Now don’t get me wrong, I absolutely love the Toy Story movies. The first two were a huge part of my childhood, and I unashamedly went to see the third at the cinema amongst the sea of children, and grumbled about how they weren’t even born when the original was released. And yes, I may have shed a tear or two (or many) at the end when Woody and Buzz wave Andy off at the end as he sets off for college. Who didn’t?
The fact that Toy Story is one of my favourite film series of all time is exactly why I’m not exactly thrilled about the idea of a fourth movie. To me, Toy Story 3 rounded off the trilogy so perfectly, we had been taken to the end of the toys’ journey with Andy and all of the loose ends had been tied. Why make another? You can definitely have too much of a good thing, and there’s a pretty fair chance that this newest release could be a massive flop, disappointing fans who have grown up with the story and the characters.
Toy Story isn’t the only cinema franchise which doesn’t seem to know where to draw the line, which is my biggest pet peeve with the film industry. It seems that film-makers can’t get enough of the success that their creations bring, and so draw it out as long as possible by churning out sequel after sequel, even if the quality of the movies suffers.
The Shrek series is one of the biggest culprits for this. Starring Mike Myers as the lovable, socially awkward ogre, the original Shrek movie was a smash hit with viewers of all ages with its witty dialogue and catchy soundtrack. But as the series wore on, the films became slow and difficult to watch, whereas if it had been left as a standalone movie, it would have had so much more impact.
Even the Harry Potter franchise is set to live on, as JK Rowling has recently announced that she is in the midst of writing scripts for some of the books featured Harry’s studies, the first of these being ‘Fantastic Beasts and Where To Find Them‘, which is supposedly set to be a trilogy of films. While David Yates, director of the final four films in the series, is rumoured to be at the helm of the new project, which is reassuring, I can’t help but worry about how these films will actually turn out, and how fans will respond to them, as they won’t feature the characters that we spent years learning about and growing to love. Yet, inevitably, the film-makers don’t want the franchise to die out, so will continue to adapt anything that comes to mind.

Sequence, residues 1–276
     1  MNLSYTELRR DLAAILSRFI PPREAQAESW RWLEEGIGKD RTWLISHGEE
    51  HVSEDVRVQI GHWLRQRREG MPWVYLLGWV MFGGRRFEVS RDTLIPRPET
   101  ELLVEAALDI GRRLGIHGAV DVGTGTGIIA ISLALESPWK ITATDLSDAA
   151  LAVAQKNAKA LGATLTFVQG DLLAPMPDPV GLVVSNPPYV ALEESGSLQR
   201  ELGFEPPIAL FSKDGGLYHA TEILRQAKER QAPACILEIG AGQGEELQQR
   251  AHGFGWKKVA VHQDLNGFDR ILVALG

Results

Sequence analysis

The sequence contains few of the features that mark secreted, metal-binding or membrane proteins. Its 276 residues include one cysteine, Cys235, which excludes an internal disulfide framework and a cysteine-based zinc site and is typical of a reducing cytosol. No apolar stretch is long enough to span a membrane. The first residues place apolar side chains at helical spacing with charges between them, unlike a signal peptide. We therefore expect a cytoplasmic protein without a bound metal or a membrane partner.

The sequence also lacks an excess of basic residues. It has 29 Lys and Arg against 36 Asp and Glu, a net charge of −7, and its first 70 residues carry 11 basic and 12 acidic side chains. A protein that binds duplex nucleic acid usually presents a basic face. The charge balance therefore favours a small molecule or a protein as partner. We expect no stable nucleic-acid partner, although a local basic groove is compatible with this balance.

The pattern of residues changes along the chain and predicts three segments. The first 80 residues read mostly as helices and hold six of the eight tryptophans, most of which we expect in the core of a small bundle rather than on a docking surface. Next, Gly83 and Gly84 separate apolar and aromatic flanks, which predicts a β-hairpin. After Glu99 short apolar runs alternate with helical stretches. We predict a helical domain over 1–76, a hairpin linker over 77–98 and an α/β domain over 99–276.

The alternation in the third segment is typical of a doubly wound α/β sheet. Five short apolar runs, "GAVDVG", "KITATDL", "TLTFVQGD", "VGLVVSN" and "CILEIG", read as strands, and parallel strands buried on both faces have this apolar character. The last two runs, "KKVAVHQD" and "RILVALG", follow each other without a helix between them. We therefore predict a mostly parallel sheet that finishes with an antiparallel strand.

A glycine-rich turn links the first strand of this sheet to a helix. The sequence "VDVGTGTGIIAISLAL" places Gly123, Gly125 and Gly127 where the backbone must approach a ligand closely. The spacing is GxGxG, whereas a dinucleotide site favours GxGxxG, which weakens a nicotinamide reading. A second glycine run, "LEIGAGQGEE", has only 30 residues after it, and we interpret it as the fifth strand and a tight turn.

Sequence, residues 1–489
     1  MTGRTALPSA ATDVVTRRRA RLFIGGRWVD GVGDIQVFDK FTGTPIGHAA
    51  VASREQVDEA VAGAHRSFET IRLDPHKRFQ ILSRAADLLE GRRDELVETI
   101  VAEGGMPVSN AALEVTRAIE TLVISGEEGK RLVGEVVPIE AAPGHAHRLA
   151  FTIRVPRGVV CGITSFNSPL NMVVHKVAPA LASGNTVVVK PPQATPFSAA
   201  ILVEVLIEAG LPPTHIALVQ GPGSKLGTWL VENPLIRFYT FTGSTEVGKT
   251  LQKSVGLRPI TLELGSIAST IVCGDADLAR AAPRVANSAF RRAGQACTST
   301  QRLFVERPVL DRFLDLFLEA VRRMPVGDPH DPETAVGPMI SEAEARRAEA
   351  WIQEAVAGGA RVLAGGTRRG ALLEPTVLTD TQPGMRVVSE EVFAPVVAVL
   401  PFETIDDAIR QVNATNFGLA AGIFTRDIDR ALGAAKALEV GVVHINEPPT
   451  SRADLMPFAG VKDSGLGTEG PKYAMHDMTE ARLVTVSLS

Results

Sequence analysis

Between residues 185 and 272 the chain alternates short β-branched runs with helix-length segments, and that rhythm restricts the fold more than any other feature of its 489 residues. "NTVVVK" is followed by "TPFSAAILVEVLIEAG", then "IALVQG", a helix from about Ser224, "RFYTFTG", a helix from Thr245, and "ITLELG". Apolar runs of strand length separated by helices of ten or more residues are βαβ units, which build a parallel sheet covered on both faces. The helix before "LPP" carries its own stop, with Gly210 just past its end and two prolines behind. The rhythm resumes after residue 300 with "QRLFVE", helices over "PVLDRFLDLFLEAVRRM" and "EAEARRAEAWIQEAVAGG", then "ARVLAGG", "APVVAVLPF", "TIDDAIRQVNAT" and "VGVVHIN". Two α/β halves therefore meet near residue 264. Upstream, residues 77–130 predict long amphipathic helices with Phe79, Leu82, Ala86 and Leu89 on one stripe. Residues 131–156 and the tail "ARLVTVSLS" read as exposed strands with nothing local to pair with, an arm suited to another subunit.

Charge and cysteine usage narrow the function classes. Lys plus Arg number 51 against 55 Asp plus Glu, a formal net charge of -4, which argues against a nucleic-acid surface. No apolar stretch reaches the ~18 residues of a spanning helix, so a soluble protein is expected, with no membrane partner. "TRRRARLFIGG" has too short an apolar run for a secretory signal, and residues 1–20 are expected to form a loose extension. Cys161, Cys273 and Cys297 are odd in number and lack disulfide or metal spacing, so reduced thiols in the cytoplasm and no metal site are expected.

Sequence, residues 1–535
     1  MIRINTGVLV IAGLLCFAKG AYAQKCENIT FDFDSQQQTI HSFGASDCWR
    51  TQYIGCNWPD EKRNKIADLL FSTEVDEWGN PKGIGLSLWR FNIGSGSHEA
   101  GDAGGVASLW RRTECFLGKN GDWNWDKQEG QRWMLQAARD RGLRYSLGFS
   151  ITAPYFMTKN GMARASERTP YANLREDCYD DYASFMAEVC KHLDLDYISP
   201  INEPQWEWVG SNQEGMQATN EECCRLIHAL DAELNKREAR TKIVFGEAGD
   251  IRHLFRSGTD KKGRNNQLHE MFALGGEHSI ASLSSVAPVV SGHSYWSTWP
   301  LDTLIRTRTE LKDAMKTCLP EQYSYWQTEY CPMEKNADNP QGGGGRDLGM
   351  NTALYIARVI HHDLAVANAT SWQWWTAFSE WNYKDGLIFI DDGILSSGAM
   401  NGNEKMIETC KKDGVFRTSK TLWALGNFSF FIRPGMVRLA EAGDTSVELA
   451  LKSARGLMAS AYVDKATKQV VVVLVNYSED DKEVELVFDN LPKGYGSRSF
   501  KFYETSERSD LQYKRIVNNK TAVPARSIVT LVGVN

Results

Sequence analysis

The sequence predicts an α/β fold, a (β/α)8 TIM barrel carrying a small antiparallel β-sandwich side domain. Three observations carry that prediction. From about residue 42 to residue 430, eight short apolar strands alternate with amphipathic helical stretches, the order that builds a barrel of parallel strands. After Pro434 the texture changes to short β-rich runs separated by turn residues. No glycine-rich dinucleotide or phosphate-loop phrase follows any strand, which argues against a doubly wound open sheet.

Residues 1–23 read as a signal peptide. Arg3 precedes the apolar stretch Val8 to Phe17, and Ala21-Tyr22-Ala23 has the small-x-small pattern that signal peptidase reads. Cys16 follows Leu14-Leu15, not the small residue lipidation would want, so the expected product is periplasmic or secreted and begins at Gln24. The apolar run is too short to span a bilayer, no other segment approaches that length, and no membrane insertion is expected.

If only those in the film industry could see that, in JK Rowling’s own words “the stories that we love best will live in us forever”, and more often than not, it is better not to try and drag out a franchise until it loses its magic. Eventually, the fans will forget why it appealed to them in the first place, as I have done with the Shrek series. You couldn’t ever imagine someone filming a ‘Jane Eyre 2’ or a fourth Lord of the Rings film, so why ruin the modern classics that generations of audiences have known and loved?